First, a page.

- The Washington Times - Wednesday, September 18, 2002

Recently liberals have been intensifying their effort to turn the coincidental connection between last year's bipartisan tax cut and this year's budget deficit into a circumstantial one in time for the fall elections.

Yet liberals' wishing it were so, will not make it so. It is important to see through their obfuscation to what really lies beneath: that liberal opposition to the tax cut arises from their desire to spend the money taxpayers and businesses now are using to support the economy.

To hide their motive, liberals don the unaccustomed and ill-fitting cloak of fiscal conservatism by saying they merely want to "freeze" the tax cut to reverse the deficit and help the economy. Sounding deceptively simple, it shouldn't surprise that's exactly what it is: simplistic deception that holds together neither in sum nor in parts.

First, what they seek is a tax increase. If "freezing" the tax cut isn't a tax increase, why would Congress' own estimators score it as one? Yet they and all official estimators assuredly would because it is a change to current tax law. The best proof of this is to turn liberals' own logic back on them. When the issue comes to making permanent last year's tax cuts (that will otherwise expire after 2010), liberals claim this to be an additional tax cut. Why? Because it is a change in the law. Either freezing the law now is a tax increase now, or extending the law later isn't a tax cut liberals can't have it both ways.

Next we must examine their non-facts. The truth is the tax cut didn't cause the surplus to disappear. According to the federal Office of Management and Budget, the tax cut caused just 10 percent of this year's surplus reduction ($41 billion of the $433 billion swing from February 2001). The tax cut actually ranks third in contributing to this year's and next year's surplus decline. New spending outranks the tax cut accounting for 26 percent this year and 27 percent next year. Interestingly, despite spending's bigger contribution to surplus shrinkage, liberals never mention it as a contributor at all.

What ranks first? The economy, of course. An economy that had begun receding in the summer of 2000 and was then hit by the unprecedented September 11 terrorist attack accounts for 64 percent of this year's surplus reduction and 49 percent of next year's.

Somehow liberals think this economy that is still just emerging from a terrorist-targeted recession would benefit from a tax increase. If so, it would be the first. To understand why, imagine where the economy would be now without last year's desperately needed tax cut. Due to the tax cut, the recession (which began in March of 2001 well before the tax cut was even signed) shrank gross domestic product by just a quarter (0.6 percent vs. 2.2 percent) of the average recession's decrease and unemployment rose just 2.1 percent the lowest of America's post-World War II recessions.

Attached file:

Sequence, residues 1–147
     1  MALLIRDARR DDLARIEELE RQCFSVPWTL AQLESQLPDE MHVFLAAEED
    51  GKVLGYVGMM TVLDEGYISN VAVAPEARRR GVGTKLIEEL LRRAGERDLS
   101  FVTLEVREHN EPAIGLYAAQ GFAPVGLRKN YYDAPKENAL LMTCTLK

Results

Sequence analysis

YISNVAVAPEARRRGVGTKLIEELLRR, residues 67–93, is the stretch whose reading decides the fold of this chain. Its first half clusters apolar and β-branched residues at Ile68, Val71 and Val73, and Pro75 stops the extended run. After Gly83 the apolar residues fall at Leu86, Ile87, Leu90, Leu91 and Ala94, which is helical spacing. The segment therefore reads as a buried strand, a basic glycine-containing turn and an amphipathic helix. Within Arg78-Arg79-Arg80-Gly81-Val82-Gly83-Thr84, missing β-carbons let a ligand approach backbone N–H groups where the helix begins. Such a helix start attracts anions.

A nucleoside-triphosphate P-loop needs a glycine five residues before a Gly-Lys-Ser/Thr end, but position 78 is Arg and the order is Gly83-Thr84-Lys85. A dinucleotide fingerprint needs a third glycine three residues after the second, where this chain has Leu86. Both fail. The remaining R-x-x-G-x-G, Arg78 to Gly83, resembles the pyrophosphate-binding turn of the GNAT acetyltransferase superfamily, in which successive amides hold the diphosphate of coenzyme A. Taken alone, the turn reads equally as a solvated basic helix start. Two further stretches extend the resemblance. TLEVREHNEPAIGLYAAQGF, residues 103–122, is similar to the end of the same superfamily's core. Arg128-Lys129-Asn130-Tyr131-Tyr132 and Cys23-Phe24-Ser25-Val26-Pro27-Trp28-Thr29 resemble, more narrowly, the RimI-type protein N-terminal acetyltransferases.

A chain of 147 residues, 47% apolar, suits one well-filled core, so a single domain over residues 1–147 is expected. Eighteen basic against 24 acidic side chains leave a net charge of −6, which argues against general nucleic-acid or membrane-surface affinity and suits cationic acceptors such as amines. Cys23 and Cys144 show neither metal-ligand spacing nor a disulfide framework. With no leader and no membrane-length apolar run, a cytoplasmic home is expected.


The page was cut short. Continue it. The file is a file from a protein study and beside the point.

In short, the tax cut buffered and bolstered the economy from falling into a recession not just an average one, but the potentially devastating one the terrorist attack and war predicted.

Conversely, imagine where the economic recovery will be tomorrow if liberals are allowed to hike taxes today. Liberals claim raising taxes now will reduce the deficit and this in turn will reduce interest rates. This can't be taken seriously. Even accepting the false assumption that a tax increase could aid growth and add receipts, a tax rise next year would have no effect on the surplus until 2004 at the earliest because taxes are paid a year after the money is earned (ironically, cutting spending next year would have an immediate effect, but this is not a liberal option).

Furthermore, interest rates are already at their lowest in 40 years now despite the temporary deficit. Finally, liberals need to explain how taking money out of the private sector would encourage business to invest or consumers to spend the elements most crucial to full recovery.

The underlying problem in this liberal campaign of canards is that they have so marginalized themselves as to no longer be held accountable for producing a real plan. They are allowed to put together a series of insupportable assertions and call it policy. Specifically, where is their budget? Does anyone believe they want to cut spending or even restrain it? By not having to produce their own plan, they don't have to face up to the tax increase that is the only means of changing the fiscal situation they claim to oppose.

Despite liberals' complaints about the tax cut, the only real question is whether they oppose it more for denying them the money they want to spend or for allowing people to keep their money without Washington's involvement.

J.T. Young is a deputy assistant secretary at the Treasury Department.

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